Wednesday, December 19, 2018

The Basis of Belief


What do you see when you look at this picture? If ten people wrote a story about it, there would be ten very different accounts.


  • A groom or horseman may focus on the horse, analyzing its health, gait and performance.
  • A sulky driver would notice the cart and harness.
  • A farmer would see the horse in a different light than a race horse owner.
  • An Old Order Mennonite would notice the distinctive hats and clothing of various sects of their faith.
  • A shopper would recognize the market setting.
  • A local resident may know the context of the picture and be familiar with the event that is in progress.

I listened to an interesting interview on the CBC Radio One show The Current. James E. Alcock discussed his book Belief: What It Means to Believe and Why Our Convictions Are So Compelling.

The introduction to the book states,
"This book explores the psychology of belief - how beliefs are formed, how they are influenced both by internal factors, such as perception, memory, reason, emotion, and prior beliefs, as well as external factors, such as experience, identification with a group, social pressure, and manipulation. It also reveals how vulnerable beliefs are to error, and how they can be held with great confidence even when factually false."

I shared a post last month titled Retelling a Story where I discussed how people see events in unique ways. I can be impatient with people who hold views I feel are inaccurate or untrue. I get annoyed with those who share biased or sensationalized information online. Rather than remaining perpetually upset, I went off Facebook and blocked people on email who frequently sent memes. Many of my family and acquaintances are conservative in politics and belief while I lean liberal in comparison. I disagree with many things that others hold as indisputable truth. 

This discussion on belief got me thinking that I should not be so harsh with people who see things differently than myself. I am not perfect. My perspective of life is based on six decades of living, a career that requires analytical and objective proofs, the privilege of education, travel and a stable, middle-class lifestyle in a first world country. Every person has unique life experiences and influences. Many people align with a group, giving unquestioned allegiance because belonging can be more important socially than looking for truth.

I remember when election campaigns were positive, without attack ads and smear tactics. Negative campaigning gained popularity in the last 30 to 40 years and I feel that social civility has declined, especially as we communicate with people who have a different belief systems than ourselves. The American political scene is very disturbing to me and I cannot understand why so many people stand behind a deceitful, lying leader. I read a few books this year that opened my eyes to the social history and experiences of many Trump supporters. I wouldn't recommend buying all of these books (*listed at the end of this post), but if they are available in a library they are worth reading.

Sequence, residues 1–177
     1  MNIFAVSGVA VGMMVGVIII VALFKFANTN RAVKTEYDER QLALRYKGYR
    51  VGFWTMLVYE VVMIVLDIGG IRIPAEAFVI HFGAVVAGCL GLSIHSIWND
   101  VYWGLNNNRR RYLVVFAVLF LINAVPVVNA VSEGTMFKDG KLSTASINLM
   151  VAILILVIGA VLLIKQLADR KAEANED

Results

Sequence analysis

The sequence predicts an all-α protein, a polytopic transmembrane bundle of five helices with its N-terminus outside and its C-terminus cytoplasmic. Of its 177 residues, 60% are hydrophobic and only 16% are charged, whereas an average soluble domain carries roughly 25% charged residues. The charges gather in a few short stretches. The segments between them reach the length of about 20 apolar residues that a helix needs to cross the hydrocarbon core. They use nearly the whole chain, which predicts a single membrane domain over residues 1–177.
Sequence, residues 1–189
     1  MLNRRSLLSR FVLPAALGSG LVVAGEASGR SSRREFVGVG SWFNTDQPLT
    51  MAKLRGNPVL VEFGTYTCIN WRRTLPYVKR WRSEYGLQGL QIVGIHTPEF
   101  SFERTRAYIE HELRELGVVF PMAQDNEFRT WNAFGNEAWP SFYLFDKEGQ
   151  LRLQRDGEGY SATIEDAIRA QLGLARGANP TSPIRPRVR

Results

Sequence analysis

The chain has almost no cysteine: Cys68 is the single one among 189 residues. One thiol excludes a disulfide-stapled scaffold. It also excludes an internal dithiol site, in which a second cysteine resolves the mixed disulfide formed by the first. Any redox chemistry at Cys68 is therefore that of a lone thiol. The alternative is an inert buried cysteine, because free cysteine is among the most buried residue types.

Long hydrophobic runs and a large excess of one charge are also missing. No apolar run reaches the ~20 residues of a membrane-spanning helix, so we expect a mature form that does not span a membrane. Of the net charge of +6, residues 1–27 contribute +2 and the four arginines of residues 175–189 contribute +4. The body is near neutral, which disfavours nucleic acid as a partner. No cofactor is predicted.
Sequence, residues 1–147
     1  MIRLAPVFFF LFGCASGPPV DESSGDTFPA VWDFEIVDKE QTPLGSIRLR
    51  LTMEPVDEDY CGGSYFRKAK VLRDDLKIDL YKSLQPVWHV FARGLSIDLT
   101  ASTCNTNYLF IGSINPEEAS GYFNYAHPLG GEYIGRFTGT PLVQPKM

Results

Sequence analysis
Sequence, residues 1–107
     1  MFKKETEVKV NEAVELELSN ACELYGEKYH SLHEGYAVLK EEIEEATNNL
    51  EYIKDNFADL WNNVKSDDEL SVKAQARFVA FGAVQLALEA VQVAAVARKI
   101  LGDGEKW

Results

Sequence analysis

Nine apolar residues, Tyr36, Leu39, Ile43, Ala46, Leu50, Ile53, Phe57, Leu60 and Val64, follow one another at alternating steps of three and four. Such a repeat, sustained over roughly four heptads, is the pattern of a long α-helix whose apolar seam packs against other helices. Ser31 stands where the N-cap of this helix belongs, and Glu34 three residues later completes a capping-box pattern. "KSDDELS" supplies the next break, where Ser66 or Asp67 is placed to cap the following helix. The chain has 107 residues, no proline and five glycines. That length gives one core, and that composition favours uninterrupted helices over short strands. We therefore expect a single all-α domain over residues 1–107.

Can we accept people who have different outlooks, granting them courtesy and respect as we hear their point of view? We should be open to listening to the perspectives and opinions of others and try to understand where they are coming from. Parents need to pass essential values to their children and grandchildren as well as a sense of their family history. Parenting is an important task and our children need a good moral base. But life in the 21st century is far different from my formative years in the last half of the 20th century. I do not want my children to be personal clones but desire that they will be able to discern, be critical, ask questions, make their own mistakes, and eventually come to their own conclusions without fear of reprisal on my part.

There are people who flaunt their opinions loudly and obnoxiously without regard for anyone but themselves. We need to stand up to bullies who mistreat vulnerable people. But I believe most people can discuss different viewpoints and experiences with self control and respect, especially if we model respect in return.
 


The pictures in this post were taken at the September horse auction at St. Jacobs' Farmers Market in Waterloo, Ontario. I can guarantee that the memories of this event will be different for the two older men than it will be for the two young boys observing from their perch on a round bales of hay. Even in this very conservative group, experience, external factors and perceptions will continue shape the beliefs and values of upcoming generations.


*Books:
  • Hillbilly Elegy -J.D. Vance
  • White Rage- Carol Anderson
  • White Trash: The 400 year untold history of class in America- Nancy Isenberg
  • The Righteous Mind: Why good people are divided by politics and religion- Jonathan Haidt

1 comment:

  1. Discussion is possible but pretty difficult on social media.

    ReplyDelete